A review commissioned by the BBC found no evidence of gender bias in pay decision-making at the broadcaster, the corporation has said.
The BBC has published its long-awaited review into pay arrangements for on-air presenters, editors and correspondents, saying it had "set out a five-point plan to help create a fairer and more equal BBC".
The review said there was a "lack of clarity and openness about the basis for pay decisions" at the broadcaster.
However, it added that PricewaterhouseCoopers, which carried out the report, had found "no evidence of gender bias in pay decision-making".
Director-General Tony Hall said: "The BBC believes in equality. No one should be paid differently because of their gender. The BBC has a special role representing Britain. That is why we need to be, and want to be, an exemplar on gender pay, and equal pay.
"Today's report does not find evidence of gender bias in decision-making, but it shows that we have real and important issues to tackle, particularly in some areas of news and current affairs, and I'm determined to get it right.
"The plans we're setting out today go further and are more important steps in modernising the BBC and making it fairer."
BBC Women have already said they have "no confidence" in the review and that they have been "excluded from the process".
Women at the BBC have said that they had faced "veiled threats" while trying to broach the subject of equal pay.
Last year, a list of the BBC's biggest earners, topped by Radio 2's Chris Evans on more than £2 million, revealed a gap in the pay-packets of its best-known male and female stars.
The BBC's China Editor Carrie Gracie resigned from her role in protest at inequalities.
Ms Gracie and Mr Hall will appear in front of the Digital, Culture, Media and Sport Committee on Wednesday.
Broadcasters John Humphrys, Huw Edwards, Nicky Campbell, Jon Sopel, Nick Robinson and Jeremy Vine reduced their salaries.
MPs preparing to question Lord Hall have said there is evidence the BBC has a "deeper cultural problem" with gender pay than even the gap revealed in its list of top-earning stars suggests.
A previous pay report, commissioned by the BBC, concluded there was no evidence of systemic gender discrimination.
BBC Women said it did not "give a true picture of pay inequality" at the corporation.
The BBC has proposed a £320,000 cap on its news presenters' salaries after an outcry over gender pay inequality. The upper limit will also apply to editors and correspondents.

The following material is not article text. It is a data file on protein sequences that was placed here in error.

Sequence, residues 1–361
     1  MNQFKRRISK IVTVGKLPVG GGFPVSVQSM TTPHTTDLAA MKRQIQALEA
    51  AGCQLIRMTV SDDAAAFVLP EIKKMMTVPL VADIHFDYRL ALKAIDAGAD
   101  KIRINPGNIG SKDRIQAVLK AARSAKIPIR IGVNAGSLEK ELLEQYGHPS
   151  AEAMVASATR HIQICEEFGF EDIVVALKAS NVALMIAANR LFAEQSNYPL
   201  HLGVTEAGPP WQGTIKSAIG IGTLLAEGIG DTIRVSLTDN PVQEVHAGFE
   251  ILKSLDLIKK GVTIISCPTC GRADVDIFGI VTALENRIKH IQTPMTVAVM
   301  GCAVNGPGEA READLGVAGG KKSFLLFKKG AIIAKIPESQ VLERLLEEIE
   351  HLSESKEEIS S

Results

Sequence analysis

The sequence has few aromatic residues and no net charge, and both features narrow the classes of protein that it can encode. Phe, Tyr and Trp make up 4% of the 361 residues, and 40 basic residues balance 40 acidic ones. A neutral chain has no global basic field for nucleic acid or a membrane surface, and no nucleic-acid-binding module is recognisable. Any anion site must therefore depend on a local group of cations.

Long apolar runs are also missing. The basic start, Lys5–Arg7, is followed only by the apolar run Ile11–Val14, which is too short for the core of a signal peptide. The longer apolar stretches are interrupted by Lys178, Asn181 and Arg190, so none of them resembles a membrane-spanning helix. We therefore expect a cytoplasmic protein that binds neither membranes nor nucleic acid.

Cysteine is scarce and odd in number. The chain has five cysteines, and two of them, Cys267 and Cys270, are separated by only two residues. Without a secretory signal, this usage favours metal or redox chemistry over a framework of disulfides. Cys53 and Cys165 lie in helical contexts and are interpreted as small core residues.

It has not been clarified if on-air staff will be able to earn more from other work at the BBC, such as entertainment programmes on radio and television.
Figures released in 2017 showed Mr Vine was one of the corporation's highest paid stars, earning £700,000- £749,999.
Mr Humphrys, who presents the Radio 4 Today programme with Mr Robinson, earned between £600,000 and £650,000 and BBC News presenter Mr Edwards earned £550,000-£599,999.
Mr Vine hosts a weekday show on Radio 2, as well as featuring in BBC News' election coverage, while Mr Humphrys also presents Mastermind on BBC Two.
Veteran broadcaster Mr Humphrys agreed to cut his salary to around £250,000 to £300,000, saying the BBC is now in a different position financially to its past.
Jon Sopel, BBC's North America Editor, has also accepted a pay cut. The figures released last year showed he earned between £200,000-£249,999, while Ms Gracie earned £135,000 a year.
In a document outlining the BBC's response, they wrote that following a review of the 4% of staff - 824 employees comprised of on-air-presenters, editors and correspondents in news and news-related areas - they had "identified some things we want to put right".
They said among the 168 individuals appearing on "our highest-profile output the range of pay is much too wide, the pay at the top is too high and, at the very top of the range, there are more men than women".
The corporation said this was because they had taken a "programme-driven approach to managing talent" and that some salaries had been set "when the news market was stronger".
They added: "We did not have a systematic process of review that could correct these issues over time."
The BBC said as part of the five actions it will take, there will be "substantial pay cuts for some men" on air, and "pay rises for some men and women".
Another point to be addressed is a review of the "progression of women in the BBC, looking at working practices and support for women returning to work".
The corporation said it wants "women to progress more quickly in the BBC".